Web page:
I’m a senior executive working in management consultancy and have been asked to take a 10 per cent pay cut. My employer has not said it is temporary, just that it will be reviewed in three months. They have said that if we don’t take pay cuts, redundancies would be on the cards for a number of employees. Should I agree and what are the considerations?
Meriel Schindler, head of the employment law team at Withers, says that sadly you are among the very many people in the UK being asked to accept a pay cut in the current climate, but you are not entirely at your employer’s mercy and should consider some options.
If you accept a cut it will involve a formal variation of your contract. I have not seen your contract, however, your employer is likely to need your written agreement to a variation involving anything as significant as a pay cut.
Before accepting a pay cut you should explore whether all of your peer group and those senior to you are also being asked to take an equivalent cut. You could also seek to negotiate the level of pay cut. Would your employer be content with, say a 5 per cent rather than a 10 per cent cut?
If you refuse to take a pay cut then your employer either has the choice of backing down or, as threatened, making you redundant.
If you have been employed for more than two years then your employer will need to follow a fair process and in particular select you fairly for redundancy or risk falling foul of unfair dismissal law. If your employer is strapped for cash they may only pay you statutory redundancy and your notice period. If you have been employed for less than two years then you are somewhat under protected and your employer is likely to exit you by simply paying you your notice pay.
However, there are steps you can take and there may even be advantages to be secured in this situation. The advantage of agreeing to a pay cut is that you retain your job at a time when it may be difficult to get out and look for a job. If you are contemplating accepting a cut, I would also try and agree an automatic reinstatement of your previous salary after three months rather than simply “a review”.
Additionally, it might be feasible to agree a bonus for achieving certain targets, which might go some way towards compensating you for the cut. In return for accepting a pay cut, you might also be able to negotiate other non-monetary benefits. This could take the form of more holiday or an acceleration of any deferred stock awards or a relaxation or even deletion of any irksome post termination restrictions.
Your decision as to whether to take a pay cut of some sort, or to take redundancy will depend on a lot of personal factors. If you are happy to leave and will find another job easily then this may be a blessing in disguise. If you will find it difficult to find new employment, you may be better off accepting a pay cut but negotiating hard on its terms.
Corinne Aldridge, head of employment at Kingsley Napley, a law firm, says it is not just star footballers and chief executives who are under pressure to agree to pay cuts in light of the coronavirus epidemic. Many employers are calling on senior managers like yourself to “do the right thing” too.
In some organisations, employees across the board have been asked to sign up to a voluntary pay cut, sometimes in return for reduced hours. Others are offering unpaid leave and sabbaticals with the promise of employees returning to work under normal conditions when the crisis is over. Another approach is to request senior executives take the strain, so helping to delay the prospect of redundancies.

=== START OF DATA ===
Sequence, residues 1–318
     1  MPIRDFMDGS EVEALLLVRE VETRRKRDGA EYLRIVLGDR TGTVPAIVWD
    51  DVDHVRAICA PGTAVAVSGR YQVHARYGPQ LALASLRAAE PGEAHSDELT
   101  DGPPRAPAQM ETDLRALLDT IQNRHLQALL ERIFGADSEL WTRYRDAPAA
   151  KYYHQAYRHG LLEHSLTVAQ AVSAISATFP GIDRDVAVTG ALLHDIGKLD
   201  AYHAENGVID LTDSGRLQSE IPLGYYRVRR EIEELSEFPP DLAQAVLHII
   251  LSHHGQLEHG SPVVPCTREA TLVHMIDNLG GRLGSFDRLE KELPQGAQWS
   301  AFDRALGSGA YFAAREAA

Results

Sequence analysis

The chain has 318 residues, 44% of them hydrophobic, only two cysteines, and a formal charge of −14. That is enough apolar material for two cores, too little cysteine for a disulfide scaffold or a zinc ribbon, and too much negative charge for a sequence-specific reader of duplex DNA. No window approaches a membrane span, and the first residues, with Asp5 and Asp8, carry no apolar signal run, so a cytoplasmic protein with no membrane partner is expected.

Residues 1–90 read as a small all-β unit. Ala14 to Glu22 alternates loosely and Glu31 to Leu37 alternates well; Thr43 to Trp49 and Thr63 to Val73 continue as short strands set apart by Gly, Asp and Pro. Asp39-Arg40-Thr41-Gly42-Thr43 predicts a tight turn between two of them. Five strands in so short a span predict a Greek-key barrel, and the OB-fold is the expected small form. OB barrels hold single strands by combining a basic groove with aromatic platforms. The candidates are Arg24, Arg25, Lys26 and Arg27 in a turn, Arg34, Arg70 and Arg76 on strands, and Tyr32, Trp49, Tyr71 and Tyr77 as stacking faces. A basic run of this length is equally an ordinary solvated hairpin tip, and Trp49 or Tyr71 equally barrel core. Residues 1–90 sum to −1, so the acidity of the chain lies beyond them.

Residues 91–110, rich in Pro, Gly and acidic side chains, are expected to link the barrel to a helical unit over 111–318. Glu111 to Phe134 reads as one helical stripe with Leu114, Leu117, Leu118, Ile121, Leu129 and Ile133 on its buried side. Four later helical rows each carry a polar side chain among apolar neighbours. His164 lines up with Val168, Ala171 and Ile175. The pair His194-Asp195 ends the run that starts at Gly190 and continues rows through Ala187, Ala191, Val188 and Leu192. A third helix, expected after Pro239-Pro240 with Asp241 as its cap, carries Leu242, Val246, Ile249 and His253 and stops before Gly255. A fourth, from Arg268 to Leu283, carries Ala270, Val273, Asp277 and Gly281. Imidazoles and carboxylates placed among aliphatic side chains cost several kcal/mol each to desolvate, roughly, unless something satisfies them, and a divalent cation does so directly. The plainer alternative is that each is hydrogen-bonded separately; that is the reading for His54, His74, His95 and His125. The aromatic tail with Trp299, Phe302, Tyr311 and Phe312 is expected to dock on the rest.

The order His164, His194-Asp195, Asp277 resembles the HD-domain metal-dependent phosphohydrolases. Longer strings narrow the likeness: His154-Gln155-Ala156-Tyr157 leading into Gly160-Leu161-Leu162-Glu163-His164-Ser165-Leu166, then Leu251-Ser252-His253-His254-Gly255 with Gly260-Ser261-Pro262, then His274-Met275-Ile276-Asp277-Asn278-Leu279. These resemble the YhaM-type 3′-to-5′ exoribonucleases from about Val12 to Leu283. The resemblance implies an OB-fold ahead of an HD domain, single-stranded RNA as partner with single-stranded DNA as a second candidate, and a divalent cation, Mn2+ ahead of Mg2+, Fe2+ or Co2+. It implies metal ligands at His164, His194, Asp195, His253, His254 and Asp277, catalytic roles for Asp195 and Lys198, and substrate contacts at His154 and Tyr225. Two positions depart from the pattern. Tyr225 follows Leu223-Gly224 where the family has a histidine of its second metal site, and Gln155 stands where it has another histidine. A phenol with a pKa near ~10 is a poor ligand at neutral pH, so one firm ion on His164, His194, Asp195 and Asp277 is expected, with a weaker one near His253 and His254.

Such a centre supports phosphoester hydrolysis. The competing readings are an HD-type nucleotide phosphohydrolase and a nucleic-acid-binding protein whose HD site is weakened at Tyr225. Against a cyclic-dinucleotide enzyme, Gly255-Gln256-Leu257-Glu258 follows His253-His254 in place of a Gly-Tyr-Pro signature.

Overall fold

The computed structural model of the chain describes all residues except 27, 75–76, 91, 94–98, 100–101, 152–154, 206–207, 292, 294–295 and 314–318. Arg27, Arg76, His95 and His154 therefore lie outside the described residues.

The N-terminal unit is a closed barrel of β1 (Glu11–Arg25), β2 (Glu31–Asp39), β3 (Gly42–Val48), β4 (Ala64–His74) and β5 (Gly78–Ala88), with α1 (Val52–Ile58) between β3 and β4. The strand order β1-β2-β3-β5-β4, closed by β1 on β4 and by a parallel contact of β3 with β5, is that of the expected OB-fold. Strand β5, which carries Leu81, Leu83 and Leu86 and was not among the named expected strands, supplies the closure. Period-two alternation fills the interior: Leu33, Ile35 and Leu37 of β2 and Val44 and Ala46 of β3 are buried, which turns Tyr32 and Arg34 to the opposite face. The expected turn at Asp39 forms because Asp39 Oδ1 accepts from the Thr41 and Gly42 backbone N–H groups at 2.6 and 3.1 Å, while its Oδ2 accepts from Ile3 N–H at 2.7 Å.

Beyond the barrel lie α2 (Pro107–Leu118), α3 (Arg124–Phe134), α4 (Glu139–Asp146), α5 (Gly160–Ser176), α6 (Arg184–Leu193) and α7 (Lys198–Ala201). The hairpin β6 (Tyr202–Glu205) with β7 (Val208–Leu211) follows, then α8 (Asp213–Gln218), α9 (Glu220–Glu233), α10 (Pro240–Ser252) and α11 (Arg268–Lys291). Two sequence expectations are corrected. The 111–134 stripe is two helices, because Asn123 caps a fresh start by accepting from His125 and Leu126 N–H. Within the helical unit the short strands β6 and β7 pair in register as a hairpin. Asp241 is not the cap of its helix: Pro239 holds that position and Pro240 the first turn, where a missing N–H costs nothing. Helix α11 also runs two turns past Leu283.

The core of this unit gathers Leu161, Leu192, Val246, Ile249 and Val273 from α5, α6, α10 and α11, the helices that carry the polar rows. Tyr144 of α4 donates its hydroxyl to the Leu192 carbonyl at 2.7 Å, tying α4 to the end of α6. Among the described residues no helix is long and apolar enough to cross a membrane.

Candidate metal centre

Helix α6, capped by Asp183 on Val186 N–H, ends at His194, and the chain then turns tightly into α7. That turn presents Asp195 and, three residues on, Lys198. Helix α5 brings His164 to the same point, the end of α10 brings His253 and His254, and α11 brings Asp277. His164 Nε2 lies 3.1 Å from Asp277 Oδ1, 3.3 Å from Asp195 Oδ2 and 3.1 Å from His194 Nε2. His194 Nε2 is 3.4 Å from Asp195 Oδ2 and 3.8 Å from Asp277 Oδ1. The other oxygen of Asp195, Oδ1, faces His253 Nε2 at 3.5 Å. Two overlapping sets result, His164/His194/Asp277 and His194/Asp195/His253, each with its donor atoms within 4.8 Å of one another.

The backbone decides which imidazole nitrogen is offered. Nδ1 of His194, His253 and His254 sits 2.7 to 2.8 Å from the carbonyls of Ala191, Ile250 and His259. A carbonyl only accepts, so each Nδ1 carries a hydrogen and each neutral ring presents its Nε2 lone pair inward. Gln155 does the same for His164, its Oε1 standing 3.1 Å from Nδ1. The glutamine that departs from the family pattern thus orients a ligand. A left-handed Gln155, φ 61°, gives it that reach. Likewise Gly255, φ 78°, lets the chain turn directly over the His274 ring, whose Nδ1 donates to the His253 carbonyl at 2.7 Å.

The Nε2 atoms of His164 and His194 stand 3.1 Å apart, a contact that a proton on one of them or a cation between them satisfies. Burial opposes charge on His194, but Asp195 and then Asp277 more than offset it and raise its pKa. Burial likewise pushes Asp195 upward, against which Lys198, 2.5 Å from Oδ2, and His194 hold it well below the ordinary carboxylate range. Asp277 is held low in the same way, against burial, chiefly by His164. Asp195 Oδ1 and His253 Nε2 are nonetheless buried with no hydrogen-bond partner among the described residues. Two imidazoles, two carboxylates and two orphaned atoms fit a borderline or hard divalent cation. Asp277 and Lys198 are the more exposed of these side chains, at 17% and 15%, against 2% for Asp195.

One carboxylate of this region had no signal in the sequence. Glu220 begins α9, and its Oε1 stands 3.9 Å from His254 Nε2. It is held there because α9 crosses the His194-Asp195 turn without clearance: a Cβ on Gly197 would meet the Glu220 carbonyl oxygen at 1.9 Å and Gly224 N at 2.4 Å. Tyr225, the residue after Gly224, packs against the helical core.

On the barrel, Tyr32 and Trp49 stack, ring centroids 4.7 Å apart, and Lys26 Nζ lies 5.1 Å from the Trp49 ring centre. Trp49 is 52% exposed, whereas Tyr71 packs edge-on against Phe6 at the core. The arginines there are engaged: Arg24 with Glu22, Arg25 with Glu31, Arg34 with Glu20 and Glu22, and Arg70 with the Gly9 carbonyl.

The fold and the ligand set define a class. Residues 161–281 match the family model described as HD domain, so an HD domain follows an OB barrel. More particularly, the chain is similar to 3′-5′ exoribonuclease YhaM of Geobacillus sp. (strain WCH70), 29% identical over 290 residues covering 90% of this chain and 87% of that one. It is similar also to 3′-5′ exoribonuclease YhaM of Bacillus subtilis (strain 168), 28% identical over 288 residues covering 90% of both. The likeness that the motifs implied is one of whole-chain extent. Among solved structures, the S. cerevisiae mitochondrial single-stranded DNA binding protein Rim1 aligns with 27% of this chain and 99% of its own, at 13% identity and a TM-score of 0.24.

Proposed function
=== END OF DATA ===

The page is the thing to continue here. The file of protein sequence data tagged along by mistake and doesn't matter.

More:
The moral and business arguments for sharing the pain are clear, but individuals do need to weigh up how the financial and practical implications square with this.
The obvious question is whether you can afford a 10 per cent cut. From what I am seeing, reductions are typically between 20 per cent to 40 per cent of salary so your 10 per cent would not be unreasonable in the current context. Furthermore, if you refuse to take the pay cut, you may open yourself to accusations of not being a team player and also to the risk of redundancy anyway.
What is more worrying is the open-ended nature of the proposal. You should try to get assurance that any change is not permanent and tell them that the proposal for a review gives you little comfort. There may also be ramifications if you are ultimately let go. You would want any redundancy compensation to be on the basis of pre-cut pay and you could perhaps ask for that assurance.
Another consideration is whether the cut is to your monthly salary only or it would impact other benefits such as pension contributions, holiday allowance and commission or bonus arrangements. Ironically, there may be a personal tax benefit.
While it may seem insensitive at the current time to mention discrimination claims, it is worth questioning to what extent others of your grade or particular team are also being asked to share the pain.
The last issue is how your employer intends to formalise this new arrangement — via a simple email confirmation of acceptance or will a formal contract addendum be prepared? For most, the form may not matter but it will be vitally important that any changes reflect what has been agreed to avoid future disputes.
As a management consultant, you will no doubt be attuned to the financial position and profit outlook of your company, client project pipelines and overhead costs. I am sure this has all been factored into the request you have received.
The opinions in this column are intended for general information purposes only and should not be used as a substitute for professional advice. The Financial Times Ltd and the authors are not responsible for any direct or indirect result arising from any reliance placed on replies, including any loss, and exclude liability to the full extent.
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